Over the years, the commission has changed, as have its funding sources, which include Government funding, commercial activities, partnerships and the sale of surplus assets, the proceeds of which have been reinvested. As the hon. Gentleman knows, all Departments are required to maximise the return on their assets, consistent with their objectives. The commission is allowed to sell areas for development when that is in the public interest, the pursuit of which objective has resulted in income of £30 million over the past 10 years, which is significant. The sale of sustainably harvested, independently certified timber, for example, is running at around 1.5 million cu m per year, which makes up around half of the commission’s operational income, so it is not true that it has decided that it is more profitable to organise rock concerts than to deal with the proper business of the woodlands.

The remainder of the commercial income comes from a wide variety of sources, as we would expect of any major landowner that seeks to make good use of the assets at its disposal. There are some recreational activities that have a commercial element, including mountain biking for which bike hire franchises are let. In addition, there are catering franchises, shops at visitor centres and, of course, an annual series of live music concerts.

That brings me to the heart of the debate: the proposal to create an events area in Ringwood forest, which is planned to be used on one weekend a year for live music and for the occasional community event. I reassure the hon. Gentleman that there are no weekend festivals such as he described at Forestry Commission venues. No facilities are provided for people staying overnight at any of the venues at which it holds concerts. In fact, the sites that he mentioned have three separate events; there is no continuous festival, and there are no plans for one.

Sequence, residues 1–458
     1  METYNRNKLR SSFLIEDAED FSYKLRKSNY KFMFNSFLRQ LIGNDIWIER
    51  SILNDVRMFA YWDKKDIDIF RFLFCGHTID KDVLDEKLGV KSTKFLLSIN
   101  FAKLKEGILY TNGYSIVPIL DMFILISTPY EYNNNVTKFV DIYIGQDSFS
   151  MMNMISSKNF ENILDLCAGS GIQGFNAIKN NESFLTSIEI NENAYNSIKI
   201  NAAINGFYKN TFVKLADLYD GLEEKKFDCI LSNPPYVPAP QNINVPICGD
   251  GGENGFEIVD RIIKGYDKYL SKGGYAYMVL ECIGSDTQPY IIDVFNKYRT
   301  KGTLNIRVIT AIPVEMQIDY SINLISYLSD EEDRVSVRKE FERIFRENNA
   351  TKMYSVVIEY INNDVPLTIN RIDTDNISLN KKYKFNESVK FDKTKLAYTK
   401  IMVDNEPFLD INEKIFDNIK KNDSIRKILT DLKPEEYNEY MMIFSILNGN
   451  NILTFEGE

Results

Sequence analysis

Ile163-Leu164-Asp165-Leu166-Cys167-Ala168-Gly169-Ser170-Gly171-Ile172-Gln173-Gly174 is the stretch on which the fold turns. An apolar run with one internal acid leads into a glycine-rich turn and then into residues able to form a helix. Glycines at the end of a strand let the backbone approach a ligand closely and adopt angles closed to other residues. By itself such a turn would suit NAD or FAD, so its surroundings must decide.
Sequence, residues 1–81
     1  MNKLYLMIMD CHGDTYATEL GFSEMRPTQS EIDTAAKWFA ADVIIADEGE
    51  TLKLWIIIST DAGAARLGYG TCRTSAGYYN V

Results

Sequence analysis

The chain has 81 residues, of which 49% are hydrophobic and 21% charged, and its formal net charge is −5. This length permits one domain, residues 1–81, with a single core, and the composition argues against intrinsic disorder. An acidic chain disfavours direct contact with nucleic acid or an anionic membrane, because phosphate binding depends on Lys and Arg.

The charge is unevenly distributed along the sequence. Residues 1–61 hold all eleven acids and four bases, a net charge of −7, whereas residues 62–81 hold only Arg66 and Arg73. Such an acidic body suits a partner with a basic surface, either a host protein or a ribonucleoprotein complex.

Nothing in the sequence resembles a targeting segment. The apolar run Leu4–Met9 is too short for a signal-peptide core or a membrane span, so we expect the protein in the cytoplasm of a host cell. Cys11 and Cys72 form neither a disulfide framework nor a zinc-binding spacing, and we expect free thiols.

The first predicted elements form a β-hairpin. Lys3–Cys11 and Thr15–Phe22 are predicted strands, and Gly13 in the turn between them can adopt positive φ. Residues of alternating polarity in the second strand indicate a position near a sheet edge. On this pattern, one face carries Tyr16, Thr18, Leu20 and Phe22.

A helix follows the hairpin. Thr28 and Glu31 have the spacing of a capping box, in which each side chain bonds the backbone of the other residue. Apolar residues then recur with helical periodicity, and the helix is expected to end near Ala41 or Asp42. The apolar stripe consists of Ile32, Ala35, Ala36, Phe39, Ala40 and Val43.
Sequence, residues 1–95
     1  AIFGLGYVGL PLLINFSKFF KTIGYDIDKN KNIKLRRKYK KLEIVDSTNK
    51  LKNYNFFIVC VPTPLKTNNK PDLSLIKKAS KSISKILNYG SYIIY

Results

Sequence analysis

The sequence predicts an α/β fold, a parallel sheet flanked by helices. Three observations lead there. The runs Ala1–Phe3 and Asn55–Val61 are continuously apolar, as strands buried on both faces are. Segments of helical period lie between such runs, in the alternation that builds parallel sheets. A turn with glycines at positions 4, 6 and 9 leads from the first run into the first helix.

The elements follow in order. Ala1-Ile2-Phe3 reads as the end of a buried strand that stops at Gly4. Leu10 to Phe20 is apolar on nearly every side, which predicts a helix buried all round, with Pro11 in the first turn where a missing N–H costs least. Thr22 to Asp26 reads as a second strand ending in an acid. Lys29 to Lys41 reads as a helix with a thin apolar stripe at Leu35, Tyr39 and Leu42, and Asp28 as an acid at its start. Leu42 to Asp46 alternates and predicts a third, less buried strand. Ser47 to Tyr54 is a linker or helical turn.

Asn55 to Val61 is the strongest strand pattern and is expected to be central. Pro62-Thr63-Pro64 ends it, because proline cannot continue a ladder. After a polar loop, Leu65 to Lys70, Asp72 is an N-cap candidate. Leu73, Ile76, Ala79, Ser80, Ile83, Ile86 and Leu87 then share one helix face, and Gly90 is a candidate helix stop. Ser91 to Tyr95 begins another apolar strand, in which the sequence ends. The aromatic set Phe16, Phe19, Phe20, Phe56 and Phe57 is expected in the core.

Mr. Chope: Does the Minister accept that although there may not be a festival similar to the Glastonbury or Isle of Wight festivals, having three rock concerts on successive evenings means that the weekend becomes a festival? That means that people come to the area, camp out overnight and cause nuisance. Is that not the problem?

Joan Ruddock: I have absolutely no evidence that that is what happens or of any complaints, but I shall check, and if there is any information that I can usefully share with the hon. Gentleman on that point, I shall be happy to do so.

Live music in the forest is not new. The commission has been hosting concerts for the past seven years and has a good record of understanding how to do so in a way that is compatible with the interests of the forest and with being a good neighbour. Last year, more than 120,000 people enjoyed a concert programme spread over seven Forestry Commission venues around the country.